Part 3: The Happy Few


G.S. Haly Co., Grace Rare Tea, Bigelow

By James Norwood Pratt

The first of these I met was the leading U.S. importer of fine teas, Michael Spillane of the San Francisco’s venerable G.S. Haly Company. From age nine, he had learned tasting at his mother’s knee after Marie Spillane was widowed and left her husband’s tea-importing business to run. His colleagues in the trade made sure the business did not fail while she learned—and she learned fast and taught her son. After college, he went into the business full-time and inherited not simply contacts but relationships around the world with firms and families that had been dealing with G.S. Haly Co. for many years.

Michael taught me the rudiments of tasting and the language of the trade—for instance, that Formosa oolong exhibits “no peaks, no bites.” One did not say “Taiwan” in those days, and Japan sencha was called “spiderleg.” But the new flavored teas Mike was importing from Germany produced most of G.S.Haly’s profits.

Also exceptional was Richard Sanders, owner of Grace Rare Tea. Grace, which sold only loose leaf teas by the half pound, had been the top-quality U.S. tea brand since its founding in 1954 by Dick’s former roommate at Harvard. Like Dick, the company and the teas were unapologetically elegant and old-school. The U.S. trade was all teabags all the time, and such firms and individuals were condescendingly dismissed by the Tea Association of the U.S. as dealers in “specialty tea.” In fact, they constituted almost the whole of the US “specialty tea” business, at most 1 or 2 percent of the total. About the only other “specialty tea” came from Bigelows, the US firm famous for “Constant Comment,” and imported British lines like Twinings, Jacksons and Fortnum & Mason.

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One thought on “Part 3: The Happy Few

  1. tionico

    My first experience with quality loose leaf tea was buying from Freed,Teller, and Freed, on Polk Street in San Francisco. back in the mid 1960’s. People I stayed witn in “the City” got their coffee (roated whole bean, which they brewed in a Chex after gringing by hand in an ancient wall mount mill). Runing low, the Dad was asked to make the perioduc pilgrimage to Freed’s to restock. I wil never forget stanidng in that retail store’s shopspace.. I bought perhaps three “safe” teas and my love affair of a lifetime with quality tea was born. Years later, as I was getting into business to sell green coffee, I decided that, since I also knew tea, I’d carry that as well. Ilearned of GS Haly through a mutual contact, rang them up… in the parry and thurst of “breaking the ice” I was asked “how is it that you, a coffee person, know so much about tea”. I explained my early experience with a loose leaf retailer in San Francisco, and my lifelong exploration of tea. “Who might that retailer have been?” I told him, he responded “well, we are THEIR parent company”. I responded “well,then, I have no further questions, how do I order? Since then I’ve mewt Mkie in person, spent time with him at their facility, shared teas in their cupping lab, and been brought along much further on my tea journey. Not only do GS Haly KNOW tea as few others do, they are dedicated to sharing everything they are able to bring along those of us “stil llearning” (which SHOUD include everyone still breating and drinking tea). It was actually through Mike Spillane I first became aware of Norwood. Mike had a few copies of one of his early tea books, signed by Norwood. He sold me one of them, now a permanent part of my tea literarture collection. A few years back I had opportunity to sit under Norwood for trwo days of intensive history lecture, then extsnsive cupping of the teas we’d examined the previous day. What a delight to experience a broad sample of the world’s classic teas with a guide as experienced as is Norwood Pratt. The experience was rather dear in price, but well worth it.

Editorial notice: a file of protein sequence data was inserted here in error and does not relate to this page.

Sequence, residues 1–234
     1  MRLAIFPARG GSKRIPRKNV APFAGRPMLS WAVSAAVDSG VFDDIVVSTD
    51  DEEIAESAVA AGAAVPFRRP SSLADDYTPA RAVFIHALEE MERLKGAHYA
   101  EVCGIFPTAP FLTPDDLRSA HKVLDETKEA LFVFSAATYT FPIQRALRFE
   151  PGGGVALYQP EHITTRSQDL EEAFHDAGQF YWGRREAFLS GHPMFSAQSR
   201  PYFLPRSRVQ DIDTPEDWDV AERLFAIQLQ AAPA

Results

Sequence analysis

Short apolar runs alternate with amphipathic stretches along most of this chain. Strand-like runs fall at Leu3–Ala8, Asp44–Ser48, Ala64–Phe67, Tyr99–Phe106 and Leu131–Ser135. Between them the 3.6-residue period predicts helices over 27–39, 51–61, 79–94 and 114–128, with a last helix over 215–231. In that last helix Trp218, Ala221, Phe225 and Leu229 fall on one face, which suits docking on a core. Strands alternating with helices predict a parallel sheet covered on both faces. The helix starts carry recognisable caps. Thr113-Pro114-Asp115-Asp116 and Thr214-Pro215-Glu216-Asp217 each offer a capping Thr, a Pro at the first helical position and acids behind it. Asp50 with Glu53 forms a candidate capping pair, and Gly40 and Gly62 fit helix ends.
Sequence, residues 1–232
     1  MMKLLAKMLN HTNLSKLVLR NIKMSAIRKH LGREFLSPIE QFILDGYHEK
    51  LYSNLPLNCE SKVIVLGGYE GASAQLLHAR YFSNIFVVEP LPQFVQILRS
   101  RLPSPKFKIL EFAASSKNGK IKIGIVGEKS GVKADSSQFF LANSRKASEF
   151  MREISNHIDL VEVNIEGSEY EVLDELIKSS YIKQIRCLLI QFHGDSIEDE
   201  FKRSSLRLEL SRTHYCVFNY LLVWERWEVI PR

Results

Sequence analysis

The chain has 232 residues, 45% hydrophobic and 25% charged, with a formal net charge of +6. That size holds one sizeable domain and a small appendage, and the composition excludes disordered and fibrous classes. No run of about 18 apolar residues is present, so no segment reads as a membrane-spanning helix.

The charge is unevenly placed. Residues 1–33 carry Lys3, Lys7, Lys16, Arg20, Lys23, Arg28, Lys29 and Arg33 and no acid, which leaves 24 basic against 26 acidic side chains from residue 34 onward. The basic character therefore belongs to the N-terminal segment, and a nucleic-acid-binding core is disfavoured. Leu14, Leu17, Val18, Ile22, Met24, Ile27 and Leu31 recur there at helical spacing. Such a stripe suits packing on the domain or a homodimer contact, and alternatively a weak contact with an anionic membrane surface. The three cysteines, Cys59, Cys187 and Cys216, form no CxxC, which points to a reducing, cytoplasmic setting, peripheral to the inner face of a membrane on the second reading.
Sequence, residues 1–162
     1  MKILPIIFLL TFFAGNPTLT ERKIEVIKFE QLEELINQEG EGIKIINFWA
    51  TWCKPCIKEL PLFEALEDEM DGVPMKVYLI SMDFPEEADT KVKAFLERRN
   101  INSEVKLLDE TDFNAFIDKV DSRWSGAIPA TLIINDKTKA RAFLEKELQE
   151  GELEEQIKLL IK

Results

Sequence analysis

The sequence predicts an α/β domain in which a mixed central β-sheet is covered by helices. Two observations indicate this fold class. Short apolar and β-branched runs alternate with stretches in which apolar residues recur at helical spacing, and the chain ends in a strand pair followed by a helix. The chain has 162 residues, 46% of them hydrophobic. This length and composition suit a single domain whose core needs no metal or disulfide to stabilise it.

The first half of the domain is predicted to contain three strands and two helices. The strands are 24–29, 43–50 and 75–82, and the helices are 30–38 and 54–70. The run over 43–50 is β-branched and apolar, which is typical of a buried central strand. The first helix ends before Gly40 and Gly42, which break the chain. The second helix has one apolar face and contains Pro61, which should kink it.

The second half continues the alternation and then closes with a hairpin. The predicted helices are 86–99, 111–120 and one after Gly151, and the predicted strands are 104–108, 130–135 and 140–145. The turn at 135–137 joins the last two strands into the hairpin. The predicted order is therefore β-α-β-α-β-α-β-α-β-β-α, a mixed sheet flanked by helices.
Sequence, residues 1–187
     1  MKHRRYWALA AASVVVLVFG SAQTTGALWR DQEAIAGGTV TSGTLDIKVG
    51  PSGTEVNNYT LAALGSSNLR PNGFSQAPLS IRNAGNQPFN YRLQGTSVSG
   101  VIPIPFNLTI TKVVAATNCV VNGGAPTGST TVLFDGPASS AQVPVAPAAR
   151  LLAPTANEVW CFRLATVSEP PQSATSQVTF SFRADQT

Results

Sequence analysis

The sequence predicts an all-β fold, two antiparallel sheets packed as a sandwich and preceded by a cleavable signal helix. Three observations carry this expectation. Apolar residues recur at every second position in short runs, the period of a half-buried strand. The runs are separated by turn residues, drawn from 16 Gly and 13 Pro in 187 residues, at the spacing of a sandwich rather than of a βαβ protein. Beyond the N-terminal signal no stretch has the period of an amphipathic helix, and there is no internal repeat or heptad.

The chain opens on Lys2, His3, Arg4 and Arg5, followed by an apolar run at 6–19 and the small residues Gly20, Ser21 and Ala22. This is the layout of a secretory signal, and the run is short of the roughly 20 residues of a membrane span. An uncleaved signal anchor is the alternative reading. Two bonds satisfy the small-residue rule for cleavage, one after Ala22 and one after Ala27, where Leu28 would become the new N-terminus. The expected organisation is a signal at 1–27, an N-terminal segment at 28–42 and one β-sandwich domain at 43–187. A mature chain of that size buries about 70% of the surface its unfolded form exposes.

The tea market here in the US is all agog over the latest herbal, fru-fru, “healthy”, teas…. and I shall ever remain thankful for the early introduction to quality loose leaf traditional teas at the hands of Freed, Teller, and Freed early on, then later under the sure guidance of Mike Spillane at GS Haly. LIttle did I know, way bac when, that I was joining a very small, exclusive “club” in favouring high quality loose leaf tea. Now I am the one delighting my own customers by introducing them to the classic standards, weaning them away from “the bag”, broadening their horizons, and, into the bargain, saving them money. If anyone had suggested I’d be doing this fifty years on from my first purchases at Freed’s, I’d have declared them barmy.